Sunday, December 19, 2004
SAW: Horrifyingly Disturbing
By Reymundo Salao
Just Another FIlm Junkie
The Guardian, December 18-19, 2004
For those who want an appropriate "Christmas feel" of a movie, it would be an obvious and perfect choice to pick the movies "Christmas with the Kranks" and "Surviving Christmas". The titles of both films are pretty self-explanatory and promises give you such a yuletide of a treat. But for those who want to take time out from all the perkiness and the bright-colored jolly moods, and prefer to spend some time on the thrill of a shock-horror masterpiece, there's "SAW".
"SAW" may seem to have lacked that marketing hype from its producers and local distributors, that is why many of us never may not have heard about the movie till just now. So if you're hesitant over the film, thinking its just another small-time horror flick from a couple of "unknown" producers, be hesitant no more, because I would not lie when I say that "SAW" may be the year's most terrifying horror movie. Sure, "Dawn of the Dead" may have given us that post-apocalyptic fast-pulse shock, sure, "The Grudge" may have given us that hair-raising eeriness. But "SAW" makes you see, hear, and fear the horror, and makes you think about it later on, wishing that you would not be put on the same torturous situation as the characters of this movie.
Horror movies have lately focused on Ghost and/or Spirit activity; hauntings that kill with enigmatic effect. But "SAW" takes us back to the idea of sick serial killers; frighteningly realistic. Like any "serial killer" movie that has some quality, the killer always has a profound and sublime motive. Random, but ultimately sublime. For the killer on this movie, who is nicknamed JIGSAW, has one thought of mind that he tells his victims: The idea that many of us should be grateful just to be alive, yet everyday, we tend to make life wasteful or we never seem to stop bickering over the little insecurities of life. This strikes a chord on many of us, because it is the truth; many of us never seem to find contentment in our lives. It is being human, but it's not a human trait we should cultivate. On my column last Wednesday, I wrote a hysterical article about how I'm upset over life's complications and miseries, without even realizing the fact that I should be just glad to be alive. Each and every one of us tends to have the same feelings of contempt over how imperfect our lives are. And the sick beauty of the "SAW" storyline is that we, who are guilty of having the same natural feelings of discontent, could've been the victims of the serial killer on this movie. For the killer seeks for his victims to find that contentment, even if he has to drag them into torture to do it.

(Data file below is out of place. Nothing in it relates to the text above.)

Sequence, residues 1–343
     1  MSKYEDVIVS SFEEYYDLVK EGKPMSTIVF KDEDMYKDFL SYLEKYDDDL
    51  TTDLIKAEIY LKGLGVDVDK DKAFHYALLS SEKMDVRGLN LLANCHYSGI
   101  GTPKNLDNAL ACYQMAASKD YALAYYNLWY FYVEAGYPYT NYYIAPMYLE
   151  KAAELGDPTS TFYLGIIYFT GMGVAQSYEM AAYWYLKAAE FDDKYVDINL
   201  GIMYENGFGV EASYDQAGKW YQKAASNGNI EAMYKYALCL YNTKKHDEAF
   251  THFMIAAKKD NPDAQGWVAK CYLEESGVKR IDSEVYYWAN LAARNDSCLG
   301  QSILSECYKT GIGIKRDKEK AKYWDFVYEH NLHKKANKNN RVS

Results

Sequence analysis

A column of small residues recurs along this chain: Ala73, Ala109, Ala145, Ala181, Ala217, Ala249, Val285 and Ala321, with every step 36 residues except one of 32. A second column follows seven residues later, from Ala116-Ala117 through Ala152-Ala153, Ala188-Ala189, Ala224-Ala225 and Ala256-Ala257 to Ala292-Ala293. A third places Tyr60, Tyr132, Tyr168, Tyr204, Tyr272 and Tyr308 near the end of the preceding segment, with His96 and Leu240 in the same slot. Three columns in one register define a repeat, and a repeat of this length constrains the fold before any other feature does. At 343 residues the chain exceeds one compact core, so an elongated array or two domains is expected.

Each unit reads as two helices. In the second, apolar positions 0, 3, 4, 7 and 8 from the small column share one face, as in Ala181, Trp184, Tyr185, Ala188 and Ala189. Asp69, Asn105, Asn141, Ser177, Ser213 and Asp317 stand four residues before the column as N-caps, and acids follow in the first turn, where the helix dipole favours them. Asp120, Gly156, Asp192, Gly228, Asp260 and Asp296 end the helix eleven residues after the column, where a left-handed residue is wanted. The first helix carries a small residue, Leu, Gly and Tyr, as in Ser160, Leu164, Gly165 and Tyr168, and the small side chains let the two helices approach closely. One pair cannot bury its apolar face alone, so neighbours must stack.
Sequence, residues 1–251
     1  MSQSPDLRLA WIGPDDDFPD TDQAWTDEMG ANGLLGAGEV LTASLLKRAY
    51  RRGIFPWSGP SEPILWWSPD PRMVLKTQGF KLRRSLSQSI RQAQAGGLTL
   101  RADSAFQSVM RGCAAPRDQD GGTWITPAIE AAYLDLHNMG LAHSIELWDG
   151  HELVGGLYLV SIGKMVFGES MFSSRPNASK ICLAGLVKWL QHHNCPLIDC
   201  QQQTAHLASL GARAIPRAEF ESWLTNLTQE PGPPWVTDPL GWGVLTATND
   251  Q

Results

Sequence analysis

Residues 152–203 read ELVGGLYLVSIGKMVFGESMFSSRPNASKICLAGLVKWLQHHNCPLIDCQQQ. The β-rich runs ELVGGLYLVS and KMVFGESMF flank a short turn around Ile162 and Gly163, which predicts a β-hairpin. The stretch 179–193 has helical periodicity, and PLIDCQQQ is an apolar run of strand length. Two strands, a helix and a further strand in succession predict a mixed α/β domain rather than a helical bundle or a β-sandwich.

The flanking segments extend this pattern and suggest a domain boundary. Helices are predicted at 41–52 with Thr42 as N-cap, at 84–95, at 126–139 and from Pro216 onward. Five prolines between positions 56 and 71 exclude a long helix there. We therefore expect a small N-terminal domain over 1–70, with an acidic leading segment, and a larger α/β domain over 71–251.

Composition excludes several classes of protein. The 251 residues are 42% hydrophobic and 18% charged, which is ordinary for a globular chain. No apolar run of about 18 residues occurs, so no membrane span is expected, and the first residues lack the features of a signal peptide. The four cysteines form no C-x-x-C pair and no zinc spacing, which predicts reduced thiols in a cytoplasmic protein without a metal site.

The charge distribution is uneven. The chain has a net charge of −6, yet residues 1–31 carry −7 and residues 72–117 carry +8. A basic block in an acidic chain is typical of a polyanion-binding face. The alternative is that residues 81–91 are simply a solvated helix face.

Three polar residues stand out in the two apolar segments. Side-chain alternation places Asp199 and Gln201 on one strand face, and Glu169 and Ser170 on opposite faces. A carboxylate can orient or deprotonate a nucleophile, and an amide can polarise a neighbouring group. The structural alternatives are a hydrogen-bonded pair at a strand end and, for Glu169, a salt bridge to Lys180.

And how does he kill his victims? The victims usually die in a very gory, unbelievably shocking manner. Jigsaw does not technically "kill" his victims, he puts his victims in a situation, in a game, that they would end up killing themselves. A sort of a game of choice: Choose to die, or choose to torture yourself to get through that very thin chance of living through the game. An example is that of a victim trapped in an underground chamber. The only door that leads outside has a timer that is set to close at a particular deadline. If it shuts, that room will later be filled with lethal gas that would kill the victim inside. But in order to get through that door the victim must pass through a cage filled with barbed wires and hooks. And, by the way, the victim is naked. Do the math.
The film has a respectable cast, although their credits are not overblown (and seems to not even appear) in the posters. There's Cary Elwes, who has appeared in "The Crush" and has shined in comedies like "Robin Hood: Men In Tights" (he played Robin on that film), and "Liar Liar". But on this film he looks very different, this perhaps, attributing to the entire deadly mood of the storyline. There's also Monica Potter who was last seen in perky roles as well. And there's Danny Glover, who always is reliable on playing the "hardened cop" role. And there is Leigh Whannell, who played a very small role in Matrix Revolutions and is actually the brilliant screenwriter of this movie, plays Adam, who is one of the central roles in the movie. And along with him, everybody's acting is superbly scary. I have noticed a particular focus on the screaming in this movie. It is as if there is emphasis that lets you feel the screams, feel the fear in it. Like a howl of excruciating pain, the sound of the screams alone would give you the chills. There is also the entire mood of the film. The sets, the cinematography, the color tone of the film. Very gritty. Very dark. It reminds you of the music videos of Nine Inch Nails and Marilyn Manson, which makes sense because the musical director of this movie, Charlie Clouser, is once a band member of Nine Inch Nails. (Thanks for the info, nervegasm)
The movie was directed by James Wan (also has some credit in the storyline) which has earned my respect on the horror and perhaps the psychological films genre, and I would certainly be awaiting what his next project would be. "SAW" is rated R for strong grisly violence. Nays and Tays would best keep their kids away from this movie. But to everybody else above 13, especially the horror aficionados, this film is a "never miss" screamfest.